'Heavens Above'

Updated: May 24




In May 2021, whilst engaged on another task in Clitheroe, DDV were approached by the vicar of St Mary Magdalene to see if we could carry out a building and roof survey of his 15th century church. Although the request was not driven by any obvious recent damage, he wanted a full overview of the roof and spire, to see if anything untoward had occurred over the previous winter.

Specifically, vicar Andy tasked us with providing detailed imagery of all the 3 separate roofs that covered the structure, followed by the same type of high-resolution inspection of the spire and clock tower. This imagery would then be sent over to a qualified surveyor, so it could be analysed in a nice warm office on a large screen PC, as opposed to hanging off a ladder 100ft up in the cold and wind!!

Andy had not considered using a drone in the past, and the thought only occurred to him whilst watching us filming on the nearby task. He immediately saw the huge cost and time saving, with no requirement for ladders or scaffolding, combined with the safety aspect of not having anyone working at height. We also informed Andy that he could watch us capture the imagery in real time (viewing our captured imagery), preventing us missing anything and having to come back and perform a second flight. The whole flight part of the task would be completed in under an hour, which is remarkable given the alternative of erecting any form of inspection platform around a historic building.

As with the majority of our tasks, as soon as we start to create our pre-site survey risk assessment, various concerns came to light, the main ones being as follows;

  • The age of the building and the cost implication if we damage it whilst in the inspection process

  • Maintaining our legislative distances from uninvolved people whilst in flight

  • Given the layout of the building, we needed to fly very closely to the clock tower and spire, so fine weather and using the right drone was paramount

Addressing each of these points in turn, we were confident of achieving all our task requirements, whilst also maintaining a safe operating environment, mainly by having the following in place;

  • The correct insurance whilst flying above historic buildings, combined with the right amount of public liability cover

  • Flying at the correct vertical and horizontal distance from uninvolved persons, and using signed cordons and marshals to prevent any unauthorised entry whilst in flight

  • Using a drone with reliable and robust ‘sense and avoid’ sensors to prevent any collisions when flying close to the building structures.

Before we performed the actual survey task, we carried out a thorough recce of the site and its surroundings, something we now see as an essential safety facet of a successful operation. We like to think this can set us apart from pure hobbyist flyers and can only bolster our professional reputation. Part of the recce is to select a suitable time (earlier the better) and best weather day to fly (calm and sunny, although the UK makes this quite difficult), alongside notifying any parties that may be affected by our flight.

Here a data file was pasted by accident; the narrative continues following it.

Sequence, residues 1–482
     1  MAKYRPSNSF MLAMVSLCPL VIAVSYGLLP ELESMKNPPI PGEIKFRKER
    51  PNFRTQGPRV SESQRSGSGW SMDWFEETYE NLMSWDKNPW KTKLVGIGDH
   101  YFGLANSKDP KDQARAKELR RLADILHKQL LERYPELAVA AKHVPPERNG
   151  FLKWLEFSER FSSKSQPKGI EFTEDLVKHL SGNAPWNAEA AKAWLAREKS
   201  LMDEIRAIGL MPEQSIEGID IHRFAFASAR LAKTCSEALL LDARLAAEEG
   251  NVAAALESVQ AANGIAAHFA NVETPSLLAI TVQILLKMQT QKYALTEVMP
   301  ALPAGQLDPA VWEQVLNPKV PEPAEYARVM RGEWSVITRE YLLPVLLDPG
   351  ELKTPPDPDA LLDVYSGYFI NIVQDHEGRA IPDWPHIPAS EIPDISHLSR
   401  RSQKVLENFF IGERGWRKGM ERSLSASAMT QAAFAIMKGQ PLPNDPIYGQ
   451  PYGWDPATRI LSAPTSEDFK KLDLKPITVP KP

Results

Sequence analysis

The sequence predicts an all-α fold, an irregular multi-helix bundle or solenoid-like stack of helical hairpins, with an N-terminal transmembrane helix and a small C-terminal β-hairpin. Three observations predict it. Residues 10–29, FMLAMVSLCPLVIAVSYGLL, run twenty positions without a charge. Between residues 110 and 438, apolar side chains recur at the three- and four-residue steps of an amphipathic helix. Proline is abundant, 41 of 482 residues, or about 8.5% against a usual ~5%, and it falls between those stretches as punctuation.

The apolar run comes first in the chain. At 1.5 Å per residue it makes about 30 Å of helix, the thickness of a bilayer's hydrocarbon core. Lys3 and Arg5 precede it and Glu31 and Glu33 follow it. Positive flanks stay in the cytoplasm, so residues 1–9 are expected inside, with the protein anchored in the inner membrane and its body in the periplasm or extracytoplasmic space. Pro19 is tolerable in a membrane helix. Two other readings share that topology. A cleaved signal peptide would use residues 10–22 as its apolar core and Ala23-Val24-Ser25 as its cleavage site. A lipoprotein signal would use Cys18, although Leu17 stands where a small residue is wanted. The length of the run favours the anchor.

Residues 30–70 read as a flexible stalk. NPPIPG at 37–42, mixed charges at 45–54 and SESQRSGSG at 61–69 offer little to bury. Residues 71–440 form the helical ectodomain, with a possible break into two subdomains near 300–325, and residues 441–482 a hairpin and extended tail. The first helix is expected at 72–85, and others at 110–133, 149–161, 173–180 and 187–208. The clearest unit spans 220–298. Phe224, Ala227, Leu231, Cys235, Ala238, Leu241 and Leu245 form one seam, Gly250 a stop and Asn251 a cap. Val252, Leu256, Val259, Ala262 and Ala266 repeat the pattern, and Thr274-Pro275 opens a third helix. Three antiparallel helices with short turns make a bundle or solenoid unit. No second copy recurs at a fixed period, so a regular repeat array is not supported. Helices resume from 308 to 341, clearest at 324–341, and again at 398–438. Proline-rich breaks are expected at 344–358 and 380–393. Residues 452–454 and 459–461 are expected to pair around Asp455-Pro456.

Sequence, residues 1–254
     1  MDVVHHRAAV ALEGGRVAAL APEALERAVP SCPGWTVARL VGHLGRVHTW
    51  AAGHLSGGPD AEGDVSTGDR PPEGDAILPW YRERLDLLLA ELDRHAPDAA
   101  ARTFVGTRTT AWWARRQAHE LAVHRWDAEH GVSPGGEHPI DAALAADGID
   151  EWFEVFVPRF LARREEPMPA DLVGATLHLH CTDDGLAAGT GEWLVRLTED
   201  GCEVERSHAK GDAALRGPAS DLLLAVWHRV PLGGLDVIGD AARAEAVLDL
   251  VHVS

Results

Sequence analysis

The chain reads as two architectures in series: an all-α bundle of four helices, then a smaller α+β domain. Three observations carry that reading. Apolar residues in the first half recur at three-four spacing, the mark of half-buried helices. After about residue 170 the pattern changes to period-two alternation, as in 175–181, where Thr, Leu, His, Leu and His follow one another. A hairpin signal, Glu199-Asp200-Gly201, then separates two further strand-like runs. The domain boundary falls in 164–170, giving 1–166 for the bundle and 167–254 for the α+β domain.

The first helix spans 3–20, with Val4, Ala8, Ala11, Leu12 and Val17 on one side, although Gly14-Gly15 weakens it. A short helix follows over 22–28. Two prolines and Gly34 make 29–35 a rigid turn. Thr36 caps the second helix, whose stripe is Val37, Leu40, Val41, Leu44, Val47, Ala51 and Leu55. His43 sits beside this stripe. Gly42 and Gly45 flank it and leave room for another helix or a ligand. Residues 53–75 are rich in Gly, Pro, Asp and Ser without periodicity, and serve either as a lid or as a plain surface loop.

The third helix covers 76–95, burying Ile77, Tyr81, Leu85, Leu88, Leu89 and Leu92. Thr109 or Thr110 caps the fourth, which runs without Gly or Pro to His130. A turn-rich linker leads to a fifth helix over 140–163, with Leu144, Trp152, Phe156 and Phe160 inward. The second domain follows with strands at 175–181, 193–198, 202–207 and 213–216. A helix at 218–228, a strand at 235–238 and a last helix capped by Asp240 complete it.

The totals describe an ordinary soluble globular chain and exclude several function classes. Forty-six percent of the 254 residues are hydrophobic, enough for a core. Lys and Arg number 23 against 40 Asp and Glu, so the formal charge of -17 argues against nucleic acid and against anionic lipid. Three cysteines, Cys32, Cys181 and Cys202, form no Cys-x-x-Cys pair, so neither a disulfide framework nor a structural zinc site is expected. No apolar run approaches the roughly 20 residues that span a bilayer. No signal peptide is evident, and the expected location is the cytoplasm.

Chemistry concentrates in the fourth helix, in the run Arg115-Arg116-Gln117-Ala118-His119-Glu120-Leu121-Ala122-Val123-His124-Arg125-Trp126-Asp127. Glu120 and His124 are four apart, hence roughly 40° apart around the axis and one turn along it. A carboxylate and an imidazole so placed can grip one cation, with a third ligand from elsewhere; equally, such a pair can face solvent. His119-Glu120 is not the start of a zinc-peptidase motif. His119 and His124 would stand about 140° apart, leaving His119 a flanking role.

We decided before taking off that the most efficient flight would be one that included multiple overlapping stills (48mb), each captured from the same height as we moved along the roof in 5m increments. By following this rationale, we were able to blanket photograph the 3 roofs in under 15 mins. We then moved on to the slightly trickier spire and tower inspection, again using an incremental

approach, only this time vertically as opposed to horizontally with the roofs. This allowed us to get some fantastic imagery, including the money shot of the weathervane at the top of the spire. We had the obstacle avoidance system fully engaged whilst carrying out both flights, but still had to be very accurate with our flight inputs. This is when the benefit of 10 years flying at emergency service incidents comes home to roost, flying 100% safely when under pressure.

Post task, we got the completed imagery over to Vicar Andy using a secure transfer method, and he was quick to let us know how delighted he was with the result and overall drone experience. He gave us the following quick feedback;

“I wasn’t sure what a drone could actually achieve with this type of job, but I was over the moon with the result. Both Kane and Chris were so helpful right from the off, and delivered a really professional finish whilst maintaining a totally human touch in explaining what they could and couldn’t do. I know they champion the ‘reliable, safe and secure’ service, and would finish by saying they should add ‘super friendly’. Thanks gents, you were brilliant.
22 views0 comments

Recent Posts

See All